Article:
Wednesday, July 22, 2020

It was 1989, and the beginning of a new era

Much has been written about the way Upper Deck stormed the card hobby in the late 1980s. In a few posts I've tracked the evolution of card ranges across what I call the "UD Boundary" which is to the card hobby what the KT Boundary is to paleontology. The KT Boundary is a very thin layer of material between rock layers that was spread all over the planet after an asteroid impact 65 million years ago. Dinosaur fossils exist one side of the KT Boundary and don't exist the other side.

Similarly with baseball cards, base cards with plain backs and little factoids got left behind to be 'excavated' by collectors who admire their ferocious primitiveness after the Upper Deck asteroid impacted on the card-buying public. (I realise that probably the only person I amuse with this analogy is myself, but I do like it.)

The asteroid hit in 1989. Today's cards are from that iconic set.

Card Number 201: Upper Deck, 1989; #384

Being honest, compared to a lot of the cards in the 1989 set, this is a bit dull. However, the photo is printed crisply, you can actually see Ton'y face, and it was certainly different enough to stand out against every other card on sale at the time. Even now the quality of the card stock is evident and it is glossy, which again sets it apart from other cards.

And then you turn it over...

There's a full-length photo with the same gloss and shine as the front. Score had already done photos on the backs of cards the year before, but without the gloss, and not this big. Upper Deck condensed the stats box and ran it perpendicular to the photo.

They also included a hologram to authenticate the card as an official Upper Deck product. It was a very clever gimmick to give the card a much higher perceived value than its competitors. Would anyone really try to bootleg these cards? Who knows, but the hologram implies that they might - something that nobody would ever bother doing with boring old cards from Topps or DonRuss!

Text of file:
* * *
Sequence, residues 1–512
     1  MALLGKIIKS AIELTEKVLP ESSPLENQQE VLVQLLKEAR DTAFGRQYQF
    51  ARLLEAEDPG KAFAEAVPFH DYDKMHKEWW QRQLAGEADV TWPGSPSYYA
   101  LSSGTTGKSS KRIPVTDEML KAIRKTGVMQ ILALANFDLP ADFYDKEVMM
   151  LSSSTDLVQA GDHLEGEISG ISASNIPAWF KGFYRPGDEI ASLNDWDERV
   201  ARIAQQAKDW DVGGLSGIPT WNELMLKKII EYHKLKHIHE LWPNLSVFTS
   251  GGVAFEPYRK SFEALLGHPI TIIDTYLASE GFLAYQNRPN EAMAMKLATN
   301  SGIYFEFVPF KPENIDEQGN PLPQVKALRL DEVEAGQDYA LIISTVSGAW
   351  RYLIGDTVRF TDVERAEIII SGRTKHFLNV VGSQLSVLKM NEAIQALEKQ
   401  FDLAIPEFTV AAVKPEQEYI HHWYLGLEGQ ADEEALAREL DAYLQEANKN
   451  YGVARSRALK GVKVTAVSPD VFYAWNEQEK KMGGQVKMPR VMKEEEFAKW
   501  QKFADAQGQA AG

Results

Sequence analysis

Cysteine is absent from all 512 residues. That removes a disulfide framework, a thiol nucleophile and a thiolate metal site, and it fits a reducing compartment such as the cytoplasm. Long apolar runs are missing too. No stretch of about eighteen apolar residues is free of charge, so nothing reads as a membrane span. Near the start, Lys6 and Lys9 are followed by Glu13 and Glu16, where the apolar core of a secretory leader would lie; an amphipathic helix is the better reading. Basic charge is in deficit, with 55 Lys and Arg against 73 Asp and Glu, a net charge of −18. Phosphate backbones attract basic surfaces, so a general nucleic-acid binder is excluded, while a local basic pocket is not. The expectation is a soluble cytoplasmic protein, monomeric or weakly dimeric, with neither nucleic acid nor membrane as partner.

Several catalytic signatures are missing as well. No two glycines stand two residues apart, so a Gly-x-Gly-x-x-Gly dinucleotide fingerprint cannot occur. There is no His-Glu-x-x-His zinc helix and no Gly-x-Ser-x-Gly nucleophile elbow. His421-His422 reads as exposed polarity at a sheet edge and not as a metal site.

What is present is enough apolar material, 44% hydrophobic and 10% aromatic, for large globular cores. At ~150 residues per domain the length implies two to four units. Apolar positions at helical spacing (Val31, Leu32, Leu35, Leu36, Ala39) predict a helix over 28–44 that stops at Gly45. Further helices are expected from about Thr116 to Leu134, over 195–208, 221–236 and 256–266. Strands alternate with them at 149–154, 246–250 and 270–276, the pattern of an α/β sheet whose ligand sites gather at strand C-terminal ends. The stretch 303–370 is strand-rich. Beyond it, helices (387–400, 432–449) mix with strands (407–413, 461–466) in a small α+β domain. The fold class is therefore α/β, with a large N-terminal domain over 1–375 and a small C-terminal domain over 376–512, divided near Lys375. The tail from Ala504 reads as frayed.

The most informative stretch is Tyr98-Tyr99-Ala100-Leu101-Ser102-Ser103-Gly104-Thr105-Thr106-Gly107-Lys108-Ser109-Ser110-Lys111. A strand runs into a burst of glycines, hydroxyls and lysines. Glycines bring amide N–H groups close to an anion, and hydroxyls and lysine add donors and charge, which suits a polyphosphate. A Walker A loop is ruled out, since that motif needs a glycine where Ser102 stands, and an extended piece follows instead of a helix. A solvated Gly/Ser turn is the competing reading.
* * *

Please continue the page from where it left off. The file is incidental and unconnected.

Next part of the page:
Tony had a second card in the set as well.

Card Number 202: Upper Deck, 1989; #683 (team checklist)

DonRuss had been doing their Diamond Kings range of insert cards with artistic renditions of top stars for a few years by this point. Upper Deck went for a similar look with their team checklists, with artwork by Vernon Wells, who claims to be the "most commissioned sports artist ever". Vernon produced portraits of a star player from each team for the 1989 Upper Deck set, and they featured on the team checklists.

(Vernon's son, incidentally, is Vernon Wells III, who had a 14-year career in Major League Baseball with the Blue Jays, Angels and one season with the Yankees.)

Personally I'm not a huge fan of artistically rendered cards and I have mixed feelings about this one. The portrait is very good and would make a handsome card on its own. The drawing of Tony running doesn't work as well for me. His proportions look a bit wrong and his feet seem oddly small. I realise that's because it's painted from a photo of Tony running towards the camera and the upper part of his body is leaning forward, but without any context around it, he looks to be in an odd crouch.

The checklists in this set also saw the debut of the phrase "The Collector's Choice" which would morph into a huge brand for Upper Deck in later years.

The back of the card is the team checklist. It's as uninteresting as it sounds.

It still has the hologram, though, to help collectors spot fakes!

Total: 202/394


  1. I remember hyping the hologram to new collectors when I worked at the card shop and explaining how it prevention against counterfeiting. Little did I know that people at UD themselves would start making extra copies of Griffeys to backdoor.

    P.S. I like your KT Boundary analogy.

    1. I think that's really funny about you explaining the holograms to customers.

    2. Pretty sure counterfeit rookie cards was a hot trend, so the hologram and their foil packaging was their attempt to fight the problem.